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Tony Dorsett has an underrated legacy; Where is he now?

Tony Dorsett has an underrated legacy; Where is he now?
Tony Dorsett at a NASCAR event in October 2021. (Credit: Jerome Miron/USA TODAY Sports)

DALLAS (BVM) – When comparing resumes, Tony Dorsett’s stacks up with the best of them: a national championship in college, Heisman Trophy winner, Super Bowl Champion, and a member of both the College Football Hall of Fame and the Pro Football Hall of Fame. 

Dorsett is not typically brought up when discussing the all-time greats, but maybe he should be.

Before becoming a household name

Dorsett grew up just outside of Pittsburgh where he attended Hopewell High School.

In his junior year, he became a spectacle.

He racked up 1,034 yards along with 19 touchdowns and was named to the All-State team. He followed this up with 1,238 yards his senior year.

Later on, his number was retired by his high school. They also renamed the stadium after Dorsett.

College career

Dorsett stayed local, attending the University of Pittsburgh under head coach Johnny Majors.

He became a phenom as just a freshman with 1,586 rushing yards. He finished second in the entire country behind Northern Illinois’ Mark Kellar.

Only three games into his sophomore year, Dorsett became the all-time leading rusher in school history. 

Dorsett saved the best for last, rushing for 2,150 yards and 22 touchdowns as a senior.

He took home the Heisman Trophy, the Maxwell Award and the Walter Camp Award for his spectacular 1976 season. He capped it off by leading Pittsburgh over Georgia in the Sugar Bowl, ultimately leading to their National Championship crown.

Dorsett finished his collegiate career with 6,526 rushing yards and 59 touchdowns on the ground. His yard total ranks fifth all-time in college football history.

Pro career

Dorsett was selected No. 2 overall in the 1977 NFL Draft by the Dallas Cowboys. The Cowboys packaged three picks in order to acquire the second selection from the Seattle Seahawks.

His rookie contract exceeded one million dollars, setting the Cowboys record at the time. But Dorsett immediately lived up to the billing.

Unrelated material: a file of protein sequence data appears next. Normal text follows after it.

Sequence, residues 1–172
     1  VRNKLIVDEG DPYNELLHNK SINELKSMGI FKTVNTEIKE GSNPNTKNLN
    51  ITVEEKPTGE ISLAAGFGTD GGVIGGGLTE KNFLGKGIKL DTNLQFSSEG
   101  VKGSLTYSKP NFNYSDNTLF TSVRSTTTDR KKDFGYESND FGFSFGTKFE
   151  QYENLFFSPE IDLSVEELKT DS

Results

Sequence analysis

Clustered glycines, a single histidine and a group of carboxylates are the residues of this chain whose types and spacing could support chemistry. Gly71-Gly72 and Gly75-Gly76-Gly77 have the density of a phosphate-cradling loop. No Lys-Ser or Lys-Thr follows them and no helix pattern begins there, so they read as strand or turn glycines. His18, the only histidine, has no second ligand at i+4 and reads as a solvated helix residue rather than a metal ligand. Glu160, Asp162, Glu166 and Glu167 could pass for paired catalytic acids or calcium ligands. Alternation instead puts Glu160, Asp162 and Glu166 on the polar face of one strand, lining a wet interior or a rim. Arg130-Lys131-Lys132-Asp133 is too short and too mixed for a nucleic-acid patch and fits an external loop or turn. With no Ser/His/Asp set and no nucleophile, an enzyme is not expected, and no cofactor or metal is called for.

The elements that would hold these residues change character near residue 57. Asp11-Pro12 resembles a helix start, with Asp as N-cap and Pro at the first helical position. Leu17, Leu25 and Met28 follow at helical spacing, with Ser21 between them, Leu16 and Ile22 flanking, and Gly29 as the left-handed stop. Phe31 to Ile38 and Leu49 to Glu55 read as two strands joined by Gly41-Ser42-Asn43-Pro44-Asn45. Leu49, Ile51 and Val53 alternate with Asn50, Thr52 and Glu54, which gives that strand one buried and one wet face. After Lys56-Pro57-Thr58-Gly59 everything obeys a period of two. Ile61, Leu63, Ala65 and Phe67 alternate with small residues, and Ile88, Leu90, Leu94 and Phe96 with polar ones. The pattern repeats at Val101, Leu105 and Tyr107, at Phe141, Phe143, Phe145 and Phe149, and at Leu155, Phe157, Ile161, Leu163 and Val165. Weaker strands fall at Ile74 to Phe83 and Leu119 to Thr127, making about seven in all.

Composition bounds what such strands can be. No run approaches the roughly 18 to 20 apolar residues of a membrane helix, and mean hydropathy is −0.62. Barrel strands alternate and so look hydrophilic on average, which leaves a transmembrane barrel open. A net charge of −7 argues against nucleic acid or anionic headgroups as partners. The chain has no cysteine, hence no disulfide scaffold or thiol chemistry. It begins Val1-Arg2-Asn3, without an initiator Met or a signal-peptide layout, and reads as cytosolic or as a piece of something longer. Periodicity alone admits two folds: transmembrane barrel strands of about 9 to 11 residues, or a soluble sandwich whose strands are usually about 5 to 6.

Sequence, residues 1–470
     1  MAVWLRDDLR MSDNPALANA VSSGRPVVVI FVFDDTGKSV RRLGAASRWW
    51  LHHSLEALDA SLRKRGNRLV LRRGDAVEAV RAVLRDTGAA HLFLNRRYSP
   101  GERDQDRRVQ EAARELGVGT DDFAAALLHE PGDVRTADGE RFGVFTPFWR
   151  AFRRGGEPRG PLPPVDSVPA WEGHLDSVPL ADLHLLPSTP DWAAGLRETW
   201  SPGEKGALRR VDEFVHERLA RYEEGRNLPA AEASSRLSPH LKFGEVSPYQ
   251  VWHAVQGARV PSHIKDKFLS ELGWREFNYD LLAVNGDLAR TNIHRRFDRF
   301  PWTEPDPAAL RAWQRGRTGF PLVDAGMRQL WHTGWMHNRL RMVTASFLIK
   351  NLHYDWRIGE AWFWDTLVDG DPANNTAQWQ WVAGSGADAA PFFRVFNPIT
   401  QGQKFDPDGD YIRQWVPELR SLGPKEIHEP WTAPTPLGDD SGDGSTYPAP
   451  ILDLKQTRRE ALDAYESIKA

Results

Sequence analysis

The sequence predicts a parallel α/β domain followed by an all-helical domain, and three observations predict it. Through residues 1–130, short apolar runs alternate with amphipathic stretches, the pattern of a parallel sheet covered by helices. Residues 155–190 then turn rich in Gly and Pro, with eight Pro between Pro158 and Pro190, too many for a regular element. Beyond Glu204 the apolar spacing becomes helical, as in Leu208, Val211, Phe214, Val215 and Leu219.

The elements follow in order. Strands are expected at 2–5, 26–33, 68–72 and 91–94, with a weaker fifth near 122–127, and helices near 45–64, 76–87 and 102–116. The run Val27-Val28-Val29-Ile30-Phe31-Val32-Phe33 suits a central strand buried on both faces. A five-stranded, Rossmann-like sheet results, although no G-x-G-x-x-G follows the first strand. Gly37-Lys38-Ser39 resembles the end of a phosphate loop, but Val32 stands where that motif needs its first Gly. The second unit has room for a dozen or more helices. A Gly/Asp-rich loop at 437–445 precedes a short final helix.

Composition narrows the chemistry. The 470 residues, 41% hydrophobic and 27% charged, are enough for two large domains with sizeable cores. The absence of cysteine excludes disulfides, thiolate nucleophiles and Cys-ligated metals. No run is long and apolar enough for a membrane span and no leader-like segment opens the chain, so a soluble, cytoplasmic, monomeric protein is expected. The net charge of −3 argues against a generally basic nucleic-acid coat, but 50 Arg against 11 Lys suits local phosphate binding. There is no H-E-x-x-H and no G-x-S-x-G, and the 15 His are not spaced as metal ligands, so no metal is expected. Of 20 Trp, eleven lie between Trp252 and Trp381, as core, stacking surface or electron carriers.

He ran for over a thousand yards as a rookie with 12 touchdowns and was named rookie of the year.

That season, Dorsett emerged as a vital part of a Cowboys team that marched to a Super Bowl victory against the Denver Broncos.

The following year, Dorsett racked up 1,300 yards, once again leading Dallas to a Super Bowl appearance.

In 1981, he put together his best pro season with 1,646 yards and four touchdowns. This would stand as the Cowboys rushing yard record until Emmitt Smith’s 1992 season when he ran for 1,713 yards.

The Cowboys decided to bring in Herschel Walker prior to the 1986 season, removing Dorsett from the “Bell Cow” role that he previously served.

In 1987, Dallas shifted Walker to the lead role, resulting in a trade request from Dorsett.

He was sent to Denver for the 1988 season where he played one year before retiring due to injury at age 34.

Dorsett finished his career with 12,739 yards, 77 touchdowns and four Pro Bowl selections.

Where is he now?

In 2013, Dorsett announced that he had been diagnosed with CTE.

However, he has not allowed that to sideline him as he is still out and about meeting fans and helping others.

Dorsett has recently attended events to create awareness for illiteracy, funds for police and fire departments, and gender equality in sports.

The 68-year-old also recently attended the Pittsburgh-Tennessee game in September.